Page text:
It’s NaNoWriMo, and I know many people are bending over backward trying to write half a book this month, and while I’m nowhere near an expert (are any of us, really, when it comes to writing?), I thought it might be helpful to talk about some of the things that have helped me in the past. I’ve been writing seriously for about fifteen years, and, by that, I mean anything from short stories to novels to poetry to fanfiction. “Seriously” is more just an adjective to describe the fact that I do it as often as possible and with all the fire of a thousand burning suns. Thus, these are just tips that I’ve acquired or figured out over the years.
Just write, damn it.
I know this sounds obnoxious and easier said than done, and it is both of those things, but it’s also the single handedly most important thing I can tell you about writing. I’ve also heard it from several other published authors, and I feel like just about anyone would agree because you can’t write a book unless you write a book.
During one of Maggie Stiefvater’s seminars (pre-COVID, in NY), she talked about a writer friend that she had that would literally just put commas and random bits of dialogue and absolute nonsense down on her pages because if she just started with something, eventually the rest would come. When I saw Victoria Schwab in Boston a couple years back, she had much the same to say. Even if all of her sentences were out of order and everything was a mess, she could still move forward because she’d taken that first step of writing.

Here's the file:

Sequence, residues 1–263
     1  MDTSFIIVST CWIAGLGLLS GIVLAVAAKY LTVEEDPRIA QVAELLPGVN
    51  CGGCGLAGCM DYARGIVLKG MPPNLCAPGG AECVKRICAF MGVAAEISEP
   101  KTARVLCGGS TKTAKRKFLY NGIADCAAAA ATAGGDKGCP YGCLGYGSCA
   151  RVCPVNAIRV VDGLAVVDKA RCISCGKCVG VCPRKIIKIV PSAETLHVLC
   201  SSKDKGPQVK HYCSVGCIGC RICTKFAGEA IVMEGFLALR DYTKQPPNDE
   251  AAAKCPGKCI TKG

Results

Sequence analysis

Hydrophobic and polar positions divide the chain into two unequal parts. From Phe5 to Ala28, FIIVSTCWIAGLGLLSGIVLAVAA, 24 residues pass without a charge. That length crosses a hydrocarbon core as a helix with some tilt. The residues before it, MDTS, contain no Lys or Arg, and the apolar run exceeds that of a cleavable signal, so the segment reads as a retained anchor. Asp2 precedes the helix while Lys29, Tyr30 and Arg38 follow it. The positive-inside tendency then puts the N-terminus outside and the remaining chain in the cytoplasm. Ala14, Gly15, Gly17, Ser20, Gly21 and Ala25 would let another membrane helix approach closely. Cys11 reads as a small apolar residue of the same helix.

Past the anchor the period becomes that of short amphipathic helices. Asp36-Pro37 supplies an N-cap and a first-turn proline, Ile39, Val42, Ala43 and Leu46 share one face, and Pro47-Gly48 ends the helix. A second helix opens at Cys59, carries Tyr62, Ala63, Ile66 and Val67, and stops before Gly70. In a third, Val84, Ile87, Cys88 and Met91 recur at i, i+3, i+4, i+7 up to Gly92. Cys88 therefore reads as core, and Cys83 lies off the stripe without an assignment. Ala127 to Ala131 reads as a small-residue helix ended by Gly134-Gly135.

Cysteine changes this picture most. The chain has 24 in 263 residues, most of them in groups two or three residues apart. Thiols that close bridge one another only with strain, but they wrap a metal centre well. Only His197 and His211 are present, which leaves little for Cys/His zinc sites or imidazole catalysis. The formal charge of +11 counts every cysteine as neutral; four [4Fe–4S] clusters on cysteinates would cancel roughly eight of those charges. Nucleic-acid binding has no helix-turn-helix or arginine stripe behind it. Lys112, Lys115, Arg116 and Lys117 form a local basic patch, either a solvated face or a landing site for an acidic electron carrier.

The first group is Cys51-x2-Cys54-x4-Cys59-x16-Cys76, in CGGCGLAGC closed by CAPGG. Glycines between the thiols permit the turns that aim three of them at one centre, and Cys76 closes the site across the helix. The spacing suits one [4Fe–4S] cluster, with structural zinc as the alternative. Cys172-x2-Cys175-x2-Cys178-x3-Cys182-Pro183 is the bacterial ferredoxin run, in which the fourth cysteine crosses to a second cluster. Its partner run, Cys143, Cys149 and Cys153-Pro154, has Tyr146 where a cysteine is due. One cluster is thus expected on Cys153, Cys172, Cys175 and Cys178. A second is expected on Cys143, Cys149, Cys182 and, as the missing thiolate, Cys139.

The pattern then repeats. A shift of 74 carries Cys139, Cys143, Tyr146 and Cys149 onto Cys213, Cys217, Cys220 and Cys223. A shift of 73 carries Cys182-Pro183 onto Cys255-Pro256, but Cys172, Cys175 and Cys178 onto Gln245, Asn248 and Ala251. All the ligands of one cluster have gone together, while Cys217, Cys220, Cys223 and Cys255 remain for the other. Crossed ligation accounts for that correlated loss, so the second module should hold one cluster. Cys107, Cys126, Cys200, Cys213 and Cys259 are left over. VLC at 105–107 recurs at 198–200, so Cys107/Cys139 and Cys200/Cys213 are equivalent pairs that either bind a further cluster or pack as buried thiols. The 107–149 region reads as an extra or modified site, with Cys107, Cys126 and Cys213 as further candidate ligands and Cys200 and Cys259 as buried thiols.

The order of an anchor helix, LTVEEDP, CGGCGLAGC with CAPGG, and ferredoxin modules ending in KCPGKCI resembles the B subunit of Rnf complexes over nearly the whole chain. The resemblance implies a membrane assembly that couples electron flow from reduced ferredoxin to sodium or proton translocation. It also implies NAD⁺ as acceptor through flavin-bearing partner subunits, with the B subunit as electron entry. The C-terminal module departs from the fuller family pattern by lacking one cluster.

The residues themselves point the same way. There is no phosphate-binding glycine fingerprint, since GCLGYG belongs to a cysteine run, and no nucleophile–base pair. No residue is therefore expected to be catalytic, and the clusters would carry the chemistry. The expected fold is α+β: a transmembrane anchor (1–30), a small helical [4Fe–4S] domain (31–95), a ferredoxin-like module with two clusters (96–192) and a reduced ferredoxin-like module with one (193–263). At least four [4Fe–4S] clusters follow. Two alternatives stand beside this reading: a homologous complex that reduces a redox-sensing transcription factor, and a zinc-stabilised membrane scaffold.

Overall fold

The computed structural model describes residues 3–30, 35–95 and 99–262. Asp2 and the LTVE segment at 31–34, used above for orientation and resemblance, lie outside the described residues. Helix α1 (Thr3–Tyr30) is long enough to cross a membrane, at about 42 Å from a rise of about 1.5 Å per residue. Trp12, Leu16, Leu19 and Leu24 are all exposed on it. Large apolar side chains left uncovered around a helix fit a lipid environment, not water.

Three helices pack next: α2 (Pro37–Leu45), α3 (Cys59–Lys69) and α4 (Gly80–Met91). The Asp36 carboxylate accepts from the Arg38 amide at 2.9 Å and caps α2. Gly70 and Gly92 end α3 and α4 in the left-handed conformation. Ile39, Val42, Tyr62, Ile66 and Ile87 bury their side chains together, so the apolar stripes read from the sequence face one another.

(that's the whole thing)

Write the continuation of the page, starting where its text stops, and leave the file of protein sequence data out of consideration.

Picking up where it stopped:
I’m not a big believer in writer’s block because it always just sounds like a fancy term for fear because there’s almost always something else standing in the way, and calling it writer’s block is just easier than facing whatever it actually is head on. But, when I am feeling stuck, and I don’t feel like addressing whatever it is that’s sticking me, I’ll just write one sentence. Pick my POV character, and write a single sentence with them. Even if it feels like pulling teeth, I drag that sentence out because, inevitably, every single damn time, that single sentence is the tipping point. Sure, sometimes it requires a few more back of the mouth molar-tugging sentences, but as long as I’m forcing something out, the rest is going to come.
Because, truly, and I know this is idiotic, you cannot write a book unless you write a book. There is no way, ever, that you’re going to have a finished book in your hand if you just keep waiting for inspiration to strike and write the book for you. Just write, damn it. Yank those words out, put them on a paper, and worry about all the surface stuff later. Who cares what color your characters eyes are? Just remember that they have eyes, and you can change the color later if you need to. It’s time to get words written.
Set a schedule.